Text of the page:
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Re: Asteroid Retrieval Mission Concept
« Reply #48 on: 07/02/2013 04:14 AM »
Xenon works.

All about the TRL.

You'd spend that $14.4 mill in a couple of weeks trying to catch up in development with other propellants.

Offline Proponent

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Re: Asteroid Retrieval Mission Concept
« Reply #49 on: 07/02/2013 04:16 AM »
I don't know for sure what analysis the designers have done in choosing their propellant, but xenon has the advantages of a lower ionization energy, higher density and higher boiling point.

[rant]
Please note that the names of chemical elements, e.g., xenon and argon, are not capitalised.
[/rant]

P.S.  I could add that mercury, by these criteria, would be an even better propellant, but it tends to be highly reactive and winds up coating electrodes and such.
« Last Edit: 07/02/2013 04:18 AM by Proponent »

Offline Robotbeat

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Re: Asteroid Retrieval Mission Concept
« Reply #50 on: 07/02/2013 04:23 AM »
Xenon works.

All about the TRL.

You'd spend that $14.4 mill in a couple of weeks trying to catch up in development with other propellants.
Not just the TRL, it has lots of advantages. (Though, of course, TRL is pretty high on that list.)
« Last Edit: 07/02/2013 04:23 AM by Robotbeat »
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Offline aero

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Re: Asteroid Retrieval Mission Concept
« Reply #51 on: 07/02/2013 06:56 AM »
Is the VASIMR going to get its test on the ISS? It uses argon and has a much better efficiency than has been claimed for the proposed capture vehicle?

Fuel price only becomes significant when the vehicle is reused a few times. Using the same vehicle, or the same vehicle design a few dozen times makes that $14 M fuel bill start to add up.
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Offline Robotbeat

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Re: Asteroid Retrieval Mission Concept
« Reply #52 on: 07/02/2013 02:52 PM »
It's not just the fuel price. Using another propellant besides Xenon means storage is more difficult (i.e. heavier and/or more complicated), efficiency is lower, besides the fact that the TRL would also be lower.

And there are ways to reduce Xenon's cost if it came down to that.

The whole question of Xenon vs other propellants belongs in another thread.

The asteroid retrieval mission is either going to be using an array of gridded ion thrusters (such as NEXT, which has a rather high TRL and really, really good total efficiency--not to mention long demonstrated total life--but also probably too high of an Isp, a problem which would get much worse if you used Argon or Krypton, plus the efficiency would be lower and dry mass higher) or Hall thrusters (i.e. the 20kW units from JIMO, also being tested as we speak). And both would use Xenon.
« Last Edit: 07/02/2013 03:01 PM by Robotbeat »
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Offline aero

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Re: Asteroid Retrieval Mission Concept
« Reply #53 on: 07/02/2013 03:57 PM »
Quote
And there are ways to reduce Xenon's cost if it came down to that.

Could you elaborate on those ways? Xenon is exceedingly rare.

Just to be clear, I do not see a cost problem using Xenon in a one-off asteroid capture mission, or for one-off missions to the outer planets, for example. But if someone ever starts to reuse these tugs commercially to capture asteroids then the cost of the Xenon fuel counts. After all it costs more than 10% of the launch costs of the fuel launched for refueling the tug in LEO. (Say that launch vehicle costs $70 M, so the Xenon fuel payload is then 20% of the cost to refuel the tug in LEO.) That number becomes significant compared to the cost of bringing the TRL of other engines/fuels up to 8 - 10, in a reusable environment.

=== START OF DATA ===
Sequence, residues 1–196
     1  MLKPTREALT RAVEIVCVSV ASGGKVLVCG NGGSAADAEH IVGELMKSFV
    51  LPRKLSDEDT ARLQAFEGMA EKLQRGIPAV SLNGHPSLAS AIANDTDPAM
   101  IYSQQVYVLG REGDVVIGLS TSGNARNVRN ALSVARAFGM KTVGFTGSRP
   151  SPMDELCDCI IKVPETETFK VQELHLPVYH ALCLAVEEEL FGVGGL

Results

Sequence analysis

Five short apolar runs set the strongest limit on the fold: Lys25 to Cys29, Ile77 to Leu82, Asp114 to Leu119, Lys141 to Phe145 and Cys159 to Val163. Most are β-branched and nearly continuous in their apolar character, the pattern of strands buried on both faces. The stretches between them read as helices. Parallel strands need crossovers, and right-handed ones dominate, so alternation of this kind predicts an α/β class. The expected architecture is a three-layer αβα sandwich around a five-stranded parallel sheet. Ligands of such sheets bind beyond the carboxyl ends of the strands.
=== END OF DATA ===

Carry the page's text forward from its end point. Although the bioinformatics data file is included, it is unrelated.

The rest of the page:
And don't throw out the ISRU argument, that solution  will cost way more and commercial enterprises will not pay for it until they are profitable and ISRU is proven.
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Offline ClaytonBirchenough

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Re: Asteroid Retrieval Mission Concept
« Reply #54 on: 07/02/2013 04:49 PM »
[rant]
Please note that the names of chemical elements, e.g., xenon and argon, are not capitalised.
[/rant]

Sorry haha.
« Last Edit: 07/02/2013 04:50 PM by ClaytonBirchenough »
Clayton Birchenough
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Offline A_M_Swallow

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Re: Asteroid Retrieval Mission Concept
« Reply #55 on: 07/02/2013 07:09 PM »
{snip}
The asteroid retrieval mission is either going to be using an array of gridded ion thrusters (such as NEXT, which has a rather high TRL and really, really good total efficiency--not to mention long demonstrated total life--but also probably too high of an Isp, a problem which would get much worse if you used Argon or Krypton, plus the efficiency would be lower and dry mass higher) or Hall thrusters (i.e. the 20kW units from JIMO, also being tested as we speak). And both would use Xenon.

On April 29, 2013 Busek Co signed SBIR contracts with NASA to develop 15 kW Hall effect thrusters.  Thrusters from Busek have used both argon and xenon as propellant.

As a general rule it is a lot cheaper to change things like the propellant at the start of a project than the end.  Early changes reduce the things that need doing twice.
http://halleffectthrusters.com

A Hall effect thruster using argon as its propellant.